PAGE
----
"Call me?".postln



Executing the code above results in a 'Parse Error'. With an error of this kind, the dot in the error message shows you where SC ran into trouble. Here it happens just after "Ishmael.".

ERROR: Parse error

   in file 'selected text'

   line 3 char 11 :


Usually the problem actually occurs a little before that, so that's where you should look. In this case of course, it's the lack of a semi-colon at the end of the previous line.

Using semi-colons it's possible to have more than one line of code in the same line of text. This can be handy for execution.

"Call me ".post; "Ishmael?".postln;

A couple of more notes about the post window. It's very useful to be able to see it, but sometimes it can get hidden behind other windows. You can bring it to the front at any time by holding down the Command key, and pressing \ . The Command key is the one with the apple symbol on it. 

By convention this kind of key sequence is written Cmd - \

As well, sometimes the post window becomes full of stuff and hard to read. You can clear it at any time by pressing Cmd-shift-k (hold down the command key and the shift key, and then press k).

The World According to SuperCollider

SuperCollider is actually two programs: The language or 'client' app, which is what you're looking at now, and the server, which does the actual synthesis and calculation of audio. The former is a graphical application with menus, document windows, nice GUI features and a sophisticated programming language; and the latter is a mean, lean, efficient UNIX command line application (meaning it runs without a nice modern GUI). 

The two communicate by a protocol called Open Sound Control (OSC), over either UDP or TCP, which are network protocols also used on the internet. Don't think from this that the two applications must run on different computers (they can, which can have definite performance advantages), or that they need to be connected to the internet (although it is possible to have clients and servers in diffferent parts of the world communicating!!). Most of the time they will be running on the same machine, and the 'networking' aspect of things will be relatively transparent for you.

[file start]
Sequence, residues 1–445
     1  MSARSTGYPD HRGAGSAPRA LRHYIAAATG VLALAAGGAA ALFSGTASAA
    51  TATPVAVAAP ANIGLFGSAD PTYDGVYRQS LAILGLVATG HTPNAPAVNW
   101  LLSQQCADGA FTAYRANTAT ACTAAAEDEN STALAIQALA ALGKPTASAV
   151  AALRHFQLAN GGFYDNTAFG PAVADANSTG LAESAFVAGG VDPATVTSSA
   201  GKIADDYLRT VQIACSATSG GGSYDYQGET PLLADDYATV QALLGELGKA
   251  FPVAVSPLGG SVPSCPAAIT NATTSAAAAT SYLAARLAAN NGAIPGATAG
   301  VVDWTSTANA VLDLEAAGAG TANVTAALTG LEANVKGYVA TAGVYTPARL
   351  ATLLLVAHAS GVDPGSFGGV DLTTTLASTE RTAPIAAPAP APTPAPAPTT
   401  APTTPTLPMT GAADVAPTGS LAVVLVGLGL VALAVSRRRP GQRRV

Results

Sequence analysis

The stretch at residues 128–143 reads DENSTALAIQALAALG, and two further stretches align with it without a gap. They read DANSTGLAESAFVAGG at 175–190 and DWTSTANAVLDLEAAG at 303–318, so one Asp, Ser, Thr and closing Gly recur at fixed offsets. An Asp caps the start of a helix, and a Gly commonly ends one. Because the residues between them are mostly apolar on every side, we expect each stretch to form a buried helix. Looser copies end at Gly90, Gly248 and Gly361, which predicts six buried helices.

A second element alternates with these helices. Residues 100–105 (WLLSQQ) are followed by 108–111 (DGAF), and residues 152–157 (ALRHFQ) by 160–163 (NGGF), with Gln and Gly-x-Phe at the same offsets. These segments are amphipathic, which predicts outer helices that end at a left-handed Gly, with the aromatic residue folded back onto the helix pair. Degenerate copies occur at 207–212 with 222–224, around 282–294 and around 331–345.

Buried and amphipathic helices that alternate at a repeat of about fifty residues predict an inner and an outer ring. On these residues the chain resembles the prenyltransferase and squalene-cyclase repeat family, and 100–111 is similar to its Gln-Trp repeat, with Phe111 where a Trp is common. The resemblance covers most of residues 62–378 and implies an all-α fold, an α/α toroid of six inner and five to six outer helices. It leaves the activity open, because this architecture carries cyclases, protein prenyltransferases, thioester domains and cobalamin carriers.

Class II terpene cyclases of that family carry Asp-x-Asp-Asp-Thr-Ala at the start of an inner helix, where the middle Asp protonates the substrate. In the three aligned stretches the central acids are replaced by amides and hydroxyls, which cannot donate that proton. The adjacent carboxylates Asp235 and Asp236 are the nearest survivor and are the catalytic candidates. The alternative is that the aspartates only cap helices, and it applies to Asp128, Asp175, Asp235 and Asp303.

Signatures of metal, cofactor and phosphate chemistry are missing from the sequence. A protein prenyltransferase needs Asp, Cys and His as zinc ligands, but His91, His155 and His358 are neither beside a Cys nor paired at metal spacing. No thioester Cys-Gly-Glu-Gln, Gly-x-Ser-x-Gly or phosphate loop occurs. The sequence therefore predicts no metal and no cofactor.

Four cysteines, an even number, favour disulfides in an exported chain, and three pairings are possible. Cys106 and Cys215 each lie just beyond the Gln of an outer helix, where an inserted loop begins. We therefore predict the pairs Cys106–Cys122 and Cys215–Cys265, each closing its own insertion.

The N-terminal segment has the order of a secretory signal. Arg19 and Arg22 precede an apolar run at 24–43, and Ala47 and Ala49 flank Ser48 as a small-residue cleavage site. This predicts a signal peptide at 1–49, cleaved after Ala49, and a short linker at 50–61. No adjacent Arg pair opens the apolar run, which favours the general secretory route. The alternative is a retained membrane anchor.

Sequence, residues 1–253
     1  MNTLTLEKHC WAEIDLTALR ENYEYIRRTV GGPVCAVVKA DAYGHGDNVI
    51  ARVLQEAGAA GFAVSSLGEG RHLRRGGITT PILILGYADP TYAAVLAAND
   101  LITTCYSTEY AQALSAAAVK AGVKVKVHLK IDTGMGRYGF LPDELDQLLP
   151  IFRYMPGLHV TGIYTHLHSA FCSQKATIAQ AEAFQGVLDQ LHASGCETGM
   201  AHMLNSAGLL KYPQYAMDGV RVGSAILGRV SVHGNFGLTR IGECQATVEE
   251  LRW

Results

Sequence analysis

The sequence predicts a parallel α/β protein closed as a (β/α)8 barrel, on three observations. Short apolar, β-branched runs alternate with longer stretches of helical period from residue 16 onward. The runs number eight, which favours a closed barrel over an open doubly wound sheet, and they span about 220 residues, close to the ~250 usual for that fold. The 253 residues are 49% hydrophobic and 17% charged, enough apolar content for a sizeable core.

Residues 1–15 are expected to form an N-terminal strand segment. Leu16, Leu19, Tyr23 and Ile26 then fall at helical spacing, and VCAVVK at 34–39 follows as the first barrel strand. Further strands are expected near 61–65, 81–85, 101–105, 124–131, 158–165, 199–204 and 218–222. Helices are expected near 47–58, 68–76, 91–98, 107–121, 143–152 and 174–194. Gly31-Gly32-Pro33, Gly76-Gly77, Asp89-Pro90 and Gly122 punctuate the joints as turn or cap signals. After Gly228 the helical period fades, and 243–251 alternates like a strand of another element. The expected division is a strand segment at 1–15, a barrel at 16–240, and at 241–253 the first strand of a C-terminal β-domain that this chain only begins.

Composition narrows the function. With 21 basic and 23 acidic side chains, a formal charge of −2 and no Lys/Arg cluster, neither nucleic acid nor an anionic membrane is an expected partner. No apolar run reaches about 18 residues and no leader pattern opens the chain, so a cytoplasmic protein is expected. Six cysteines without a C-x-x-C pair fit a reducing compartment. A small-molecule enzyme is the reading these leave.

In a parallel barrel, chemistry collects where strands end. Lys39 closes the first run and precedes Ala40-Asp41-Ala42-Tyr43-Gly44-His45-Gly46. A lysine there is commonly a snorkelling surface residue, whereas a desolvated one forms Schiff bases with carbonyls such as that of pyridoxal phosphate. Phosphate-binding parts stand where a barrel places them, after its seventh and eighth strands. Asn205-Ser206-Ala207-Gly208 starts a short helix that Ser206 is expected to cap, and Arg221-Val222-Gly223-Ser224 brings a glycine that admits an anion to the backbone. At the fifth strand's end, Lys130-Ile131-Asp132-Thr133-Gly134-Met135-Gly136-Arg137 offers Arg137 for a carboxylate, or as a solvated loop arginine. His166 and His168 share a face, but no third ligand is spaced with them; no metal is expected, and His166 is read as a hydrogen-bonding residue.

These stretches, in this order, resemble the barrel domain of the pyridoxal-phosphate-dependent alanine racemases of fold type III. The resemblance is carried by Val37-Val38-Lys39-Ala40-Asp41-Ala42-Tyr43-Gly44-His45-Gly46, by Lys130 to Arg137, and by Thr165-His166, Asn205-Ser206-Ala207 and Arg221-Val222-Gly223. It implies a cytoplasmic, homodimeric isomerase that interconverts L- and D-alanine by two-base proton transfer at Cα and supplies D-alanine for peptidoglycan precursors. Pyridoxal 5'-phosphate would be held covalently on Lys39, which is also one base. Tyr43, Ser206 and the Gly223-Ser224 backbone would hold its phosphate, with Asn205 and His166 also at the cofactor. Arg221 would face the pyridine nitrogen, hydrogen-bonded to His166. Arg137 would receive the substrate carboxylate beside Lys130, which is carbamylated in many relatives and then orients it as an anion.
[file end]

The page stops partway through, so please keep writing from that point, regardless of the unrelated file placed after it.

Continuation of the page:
You can only communicate with the server using OSC messages over the network, but luckily the language app has lots of powerful objects which represent things on the server and allow you to control them easily and elegantly. Understanding how exactly that works is crucial to mastering SC, so we'll be talking about that in some depth.

But first let's have a little fun, and make some sound...

For more information see: 

How-to-Use-the-Interpreter Literals String ClientVsServer Server-Architecture

Suggested Exercise:

Open a new window by pressing Cmd-n or selecting 'New' from the File menu.Copy some of the posting code from the examples above and paste it into the new document. (The standard Mac Cmd-c and Cmd-v work for copy and paste, or use the Edit menu.)  

SC will let you edit the help files and documentation, so it's always a good idea to copy text over before changing it so as to avoid accidentally saving altered files! 

Experiment with altering the text between the quotes to print different things to the post window. Do this with both blocks of text wrapped in parentheses, and single lines.


This document is part of the tutorial Getting Started With SuperCollider.

Click here to go on to the next section: Start Your Engines

Click here to return to the table of Contents: Getting Started With SC